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Visualizing the numbers we work with

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chewie and han solo star wars lightspeed

Let’s face it — engineers see a lot of numbers in their everyday jobs.  While generally comfortable with math and numbers, I doubt many of us take the time to actually visualize what those numbers actually mean.

The speed of light is a great example.  Every engineer knows that it’s 299,792,486 m/s^2.  In more common (for us Americans) terms, it’s about 186,000 miles per second.  But how fast is that, exactly?

Well, the moon is a good example.  While really close to Earth in astronomical units, it would be a pretty long walk to reach there, if such a journey were possible.  But humans have been to the moon and around the far side.  It’s as far as we’ve ever managed to travel in one journey.  So how far is it, in relation to the speed of light?

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General Atomics Makes a Very, Very Large Gun

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railgun-8

Above is how a basic info graphic explaining how a railgun works.  Below is the General Atomic’s new Blitzer Railgun’s test apparatus.

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One of the most important machines ever. The IBM 1401.

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While not as huge as some of the vacuum tube-based mainframes of the 1940′s, it was still pretty damn large for an accounting calculator.

Here are some still-shots of the revolutionary machine:

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NASA: Mars rover “Spirit” gets stuck, makes big discovery

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NASA Spirit Mars Rover Wheel

NASA Spirit Mars Rover Wheel

NASA reported today, December 2, that the Mars rover “Spirit”has made significant discoveries while stuck in a section of the Martian terrain named after the ancient city of Troy.

Several of the wheels on the rover have been unable to gain traction, and have spun in place for the past six months as NASA operators attempt to unstick the device.  As the wheels churned up the soil, scientists were pleased to discover the presence of water-indicating sulfates, which form during steam events.

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Unbelievable photographic memory. Prepare to be blown away.

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Steven Wiltshire (The Living Camera) is world renowned for his photographic memory and incredible archtectural skills.  He is also autistic, and although unable to speak until the age of 5, at age 11 he drew a perfect aerial view of London after just a 30 minute helicopter ride.  He’s now a successful artist and architect.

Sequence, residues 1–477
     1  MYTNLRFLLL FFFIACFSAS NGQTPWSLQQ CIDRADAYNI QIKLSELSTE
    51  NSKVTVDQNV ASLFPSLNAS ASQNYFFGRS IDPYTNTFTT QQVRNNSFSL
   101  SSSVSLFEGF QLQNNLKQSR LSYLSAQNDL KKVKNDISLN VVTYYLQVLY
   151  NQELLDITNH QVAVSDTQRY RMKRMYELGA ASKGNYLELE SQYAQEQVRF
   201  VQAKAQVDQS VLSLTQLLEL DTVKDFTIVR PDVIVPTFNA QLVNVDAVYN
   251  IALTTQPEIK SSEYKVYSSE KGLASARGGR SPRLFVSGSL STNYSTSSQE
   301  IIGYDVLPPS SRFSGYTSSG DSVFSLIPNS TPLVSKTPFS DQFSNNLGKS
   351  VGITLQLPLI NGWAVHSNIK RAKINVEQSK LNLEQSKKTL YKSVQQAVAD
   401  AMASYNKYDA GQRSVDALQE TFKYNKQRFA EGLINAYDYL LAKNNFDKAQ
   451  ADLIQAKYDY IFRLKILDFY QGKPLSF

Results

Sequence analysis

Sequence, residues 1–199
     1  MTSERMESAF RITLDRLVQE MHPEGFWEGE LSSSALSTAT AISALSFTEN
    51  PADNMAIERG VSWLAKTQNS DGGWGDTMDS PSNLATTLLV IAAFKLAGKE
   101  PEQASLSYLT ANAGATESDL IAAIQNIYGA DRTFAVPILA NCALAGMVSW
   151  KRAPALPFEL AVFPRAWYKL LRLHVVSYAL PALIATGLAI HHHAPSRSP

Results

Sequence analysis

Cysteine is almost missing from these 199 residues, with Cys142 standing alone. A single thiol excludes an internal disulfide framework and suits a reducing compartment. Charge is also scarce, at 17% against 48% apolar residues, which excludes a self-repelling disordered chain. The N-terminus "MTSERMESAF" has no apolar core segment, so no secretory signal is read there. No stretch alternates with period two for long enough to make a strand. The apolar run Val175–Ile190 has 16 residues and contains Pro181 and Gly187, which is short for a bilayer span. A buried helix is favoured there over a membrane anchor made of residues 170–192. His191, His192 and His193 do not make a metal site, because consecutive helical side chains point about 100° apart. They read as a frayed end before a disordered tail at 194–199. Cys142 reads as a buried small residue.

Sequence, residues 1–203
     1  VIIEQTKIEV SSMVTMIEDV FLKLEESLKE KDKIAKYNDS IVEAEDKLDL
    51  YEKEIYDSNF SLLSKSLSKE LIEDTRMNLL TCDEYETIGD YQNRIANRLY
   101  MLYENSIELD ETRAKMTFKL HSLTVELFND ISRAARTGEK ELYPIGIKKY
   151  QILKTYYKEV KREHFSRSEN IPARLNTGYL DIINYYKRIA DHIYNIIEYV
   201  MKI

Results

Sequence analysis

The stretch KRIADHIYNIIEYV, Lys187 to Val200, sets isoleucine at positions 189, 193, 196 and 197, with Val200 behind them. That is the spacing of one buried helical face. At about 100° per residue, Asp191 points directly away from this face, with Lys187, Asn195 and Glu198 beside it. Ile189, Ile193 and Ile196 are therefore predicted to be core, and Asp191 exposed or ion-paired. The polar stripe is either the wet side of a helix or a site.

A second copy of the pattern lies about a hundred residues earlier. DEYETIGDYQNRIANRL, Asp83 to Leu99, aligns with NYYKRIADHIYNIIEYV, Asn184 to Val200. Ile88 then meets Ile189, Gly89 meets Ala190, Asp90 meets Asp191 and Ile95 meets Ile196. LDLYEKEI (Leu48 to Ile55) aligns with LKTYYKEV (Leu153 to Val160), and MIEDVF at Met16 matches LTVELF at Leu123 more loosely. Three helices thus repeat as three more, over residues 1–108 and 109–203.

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Widetronix Uses Tritium For 25-Year Power Source

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simple-beta

The image above is a simple betavoltaic graphic from medgadget.  It shows the beta particles creating an electric field over a pn-junction diode, biasing the device, which thereby causes conduction.

It has been some time since betavoltaic batteries have been used. Lithium Ion has been the battery of choice for awhile, probably because it isn’t, you know, radioactive. Widetronix is looking to change that with its Tritium-based, navy-funded technology. By using more efficient semiconductor materials, they have revamped the self-charging betavoltaic battery.

These tiny power sources are said to last for 25 years! Of course, this technology only works for devices that require minimal amounts of current draw (think pacemakers and small sensors).

Check this VentureBeat article for more on these tiny batteries.

Toshiba sends a chair to the edge of space to market its new Regva SV TVs

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Um, that is insanely cool.  This Toshiba article delves into the company’s brilliant ad campaign, and how sending a chair to space relates to laptops.

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A Stadium Full of Solar Power: Taiwan National Stadium Pictures

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solar-stadium

We’ve been posting some “green” pictures recently here at Industrial Interface.  So, in keeping with theme, check out these amazing pictures of Taiwan National Stadium.  The entire roof is covered in at least 8,844 solar panels!  In addition to powering 75% of the stadium’s energy needs when in use, it also contributes to the local power grid during times of stadium inactivity.

Here are some photos courtesy of Gizmodo:

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